MARTINEZ -- Martinez seeks a jack-of-all-trades to help the city take advantage of the improving economy.
The deputy director of strategic planning and community development will work on economic development, housing, parking and quality-of-life issues. The employee also will write grants, act as the liaison with county government and the courts and work with the business community and residents.
Finally, the deputy director will set up and oversee Martinez's economic development corporation, a nonprofit lender the council created last year to help property owners get the capital to seismically retrofit their buildings.
Councilman Mark Ross called the job description -- which runs more than two pages -- "a tall order."
City Manager Phil Vince seeks a candidate who has policy experience and analytical skill. He also wants someone who can crunch data and is fluent in social media. As projects in Martinez have tended to drag on for years without coming to fruition, Vince wants to hire someone who will get things done.
"I want somebody who can take, execute and finish. So this is going to be a 'closer' position," Vince said.
The pay range for the full-time position is $110,000 to $132,000. With medical and retirement benefits, the annual compensation will rise to about $170,000. For the first two years, the city will use building permit and plan-check fees to cover the salary and benefits. Vince is confident that increases in the city's property and sales tax revenue will be enough to fund the position in the future.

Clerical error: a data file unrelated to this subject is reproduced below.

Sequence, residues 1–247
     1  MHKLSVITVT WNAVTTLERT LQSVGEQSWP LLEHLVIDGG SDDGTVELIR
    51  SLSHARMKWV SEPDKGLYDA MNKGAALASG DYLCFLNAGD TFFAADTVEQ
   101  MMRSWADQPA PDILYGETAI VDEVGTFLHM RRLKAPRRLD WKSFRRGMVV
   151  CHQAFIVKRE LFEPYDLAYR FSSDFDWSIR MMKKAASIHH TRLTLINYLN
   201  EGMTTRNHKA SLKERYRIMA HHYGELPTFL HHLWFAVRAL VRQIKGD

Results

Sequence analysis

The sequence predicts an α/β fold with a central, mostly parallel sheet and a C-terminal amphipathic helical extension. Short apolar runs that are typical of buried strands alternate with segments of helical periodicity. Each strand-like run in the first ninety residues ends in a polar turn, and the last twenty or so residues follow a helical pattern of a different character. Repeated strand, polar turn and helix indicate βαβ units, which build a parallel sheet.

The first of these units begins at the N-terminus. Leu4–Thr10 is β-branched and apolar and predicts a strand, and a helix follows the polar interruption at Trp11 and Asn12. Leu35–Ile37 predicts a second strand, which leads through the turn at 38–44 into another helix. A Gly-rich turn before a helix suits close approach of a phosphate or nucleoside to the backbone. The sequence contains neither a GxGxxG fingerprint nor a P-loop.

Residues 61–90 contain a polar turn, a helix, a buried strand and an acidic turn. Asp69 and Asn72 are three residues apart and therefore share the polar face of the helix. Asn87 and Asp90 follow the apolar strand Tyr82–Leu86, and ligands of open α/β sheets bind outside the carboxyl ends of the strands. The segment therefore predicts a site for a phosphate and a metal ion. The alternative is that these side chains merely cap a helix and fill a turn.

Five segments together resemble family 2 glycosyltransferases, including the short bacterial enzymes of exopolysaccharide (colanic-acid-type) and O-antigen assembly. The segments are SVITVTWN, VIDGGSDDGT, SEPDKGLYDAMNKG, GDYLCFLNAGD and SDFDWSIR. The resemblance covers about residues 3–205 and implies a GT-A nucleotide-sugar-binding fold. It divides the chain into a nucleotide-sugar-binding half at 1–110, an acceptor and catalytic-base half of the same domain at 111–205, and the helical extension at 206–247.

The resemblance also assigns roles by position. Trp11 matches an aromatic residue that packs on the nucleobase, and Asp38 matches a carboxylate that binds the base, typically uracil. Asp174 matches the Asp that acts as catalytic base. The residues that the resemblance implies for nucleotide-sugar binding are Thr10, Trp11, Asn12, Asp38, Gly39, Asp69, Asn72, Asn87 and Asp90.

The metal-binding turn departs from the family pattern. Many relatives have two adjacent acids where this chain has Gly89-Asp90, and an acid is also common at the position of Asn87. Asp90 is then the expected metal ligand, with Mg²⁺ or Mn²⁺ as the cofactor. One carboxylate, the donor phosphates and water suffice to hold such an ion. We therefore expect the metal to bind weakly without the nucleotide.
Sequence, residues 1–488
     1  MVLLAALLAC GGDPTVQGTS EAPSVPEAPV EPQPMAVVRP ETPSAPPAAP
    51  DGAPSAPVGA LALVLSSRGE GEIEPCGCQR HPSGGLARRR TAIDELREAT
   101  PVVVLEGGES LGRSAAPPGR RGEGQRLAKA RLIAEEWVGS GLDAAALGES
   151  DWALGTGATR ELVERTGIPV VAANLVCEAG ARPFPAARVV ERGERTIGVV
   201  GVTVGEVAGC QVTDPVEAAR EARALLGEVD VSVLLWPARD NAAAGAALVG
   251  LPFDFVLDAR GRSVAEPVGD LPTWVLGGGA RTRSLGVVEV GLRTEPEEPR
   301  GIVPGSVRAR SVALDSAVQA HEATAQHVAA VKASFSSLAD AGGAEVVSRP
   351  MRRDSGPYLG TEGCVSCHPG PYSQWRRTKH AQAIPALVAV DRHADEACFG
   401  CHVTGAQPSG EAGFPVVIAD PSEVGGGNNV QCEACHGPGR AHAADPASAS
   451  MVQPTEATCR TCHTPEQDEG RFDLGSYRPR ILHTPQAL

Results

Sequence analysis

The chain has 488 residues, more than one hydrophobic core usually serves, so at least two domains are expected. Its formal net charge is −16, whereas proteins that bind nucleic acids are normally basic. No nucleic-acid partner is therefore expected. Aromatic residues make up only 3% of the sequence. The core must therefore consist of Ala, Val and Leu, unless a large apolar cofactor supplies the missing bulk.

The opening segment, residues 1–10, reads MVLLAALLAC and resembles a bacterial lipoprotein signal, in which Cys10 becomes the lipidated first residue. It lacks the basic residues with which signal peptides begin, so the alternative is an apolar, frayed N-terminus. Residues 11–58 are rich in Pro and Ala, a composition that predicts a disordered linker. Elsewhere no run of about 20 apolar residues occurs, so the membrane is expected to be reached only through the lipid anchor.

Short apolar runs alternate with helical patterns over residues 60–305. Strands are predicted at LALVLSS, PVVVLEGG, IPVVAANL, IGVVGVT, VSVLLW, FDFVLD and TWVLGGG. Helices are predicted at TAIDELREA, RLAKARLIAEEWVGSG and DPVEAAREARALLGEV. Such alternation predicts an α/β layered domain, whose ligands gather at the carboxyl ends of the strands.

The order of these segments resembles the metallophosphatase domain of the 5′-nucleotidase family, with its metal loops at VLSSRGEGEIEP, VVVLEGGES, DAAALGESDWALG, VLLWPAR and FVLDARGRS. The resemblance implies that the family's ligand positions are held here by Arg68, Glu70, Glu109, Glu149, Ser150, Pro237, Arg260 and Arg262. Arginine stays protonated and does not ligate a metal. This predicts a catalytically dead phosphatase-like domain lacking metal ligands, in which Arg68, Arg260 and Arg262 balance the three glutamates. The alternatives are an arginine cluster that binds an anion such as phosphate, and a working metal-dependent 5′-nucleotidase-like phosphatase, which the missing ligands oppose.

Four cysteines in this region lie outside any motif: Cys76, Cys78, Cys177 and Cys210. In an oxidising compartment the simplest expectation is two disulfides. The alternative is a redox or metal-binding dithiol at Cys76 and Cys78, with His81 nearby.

He hopes to have someone on board by July 1, the start of the fiscal year.
"Clearly, it's a gamble, and it's a leap of faith," Councilman Mike Menesini said. "But if the person we hire can do half these things, as Mark points out, it's going to be very fantastic and will be a big benefit to the community."
Mayor Rob Schroder pointed to the stock market's resurgence, falling unemployment and the housing sector's rebound as evidence that the economy is turning around. Martinez, he said, should be positioned to take advantage of the improving conditions.
Schroder acknowledged the financial risk involved with using one-time moneys to cover ongoing personnel expenses, but he said the potential payoff is worth it.
"I really believe that if we find the right person that has the skills that we're looking for, and they stay on task, that after two years, I think this will pay for itself and hopefully exponentially help the city," Schroder said.
During a February retreat, council members agreed to focus on economic development, opportunities at the waterfront, infrastructure, fiscal fitness and community wellness.
Before the deputy director is hired, Councilwoman Anamarie Avila Farias suggested the council revisit the goals it identified at the retreat to ensure they are clear, concise and measurable.
Lisa P. White covers Martinez and Pleasant Hill. Contact her at 925-943-8011. Follow her at Twitter.com/lisa_p_white.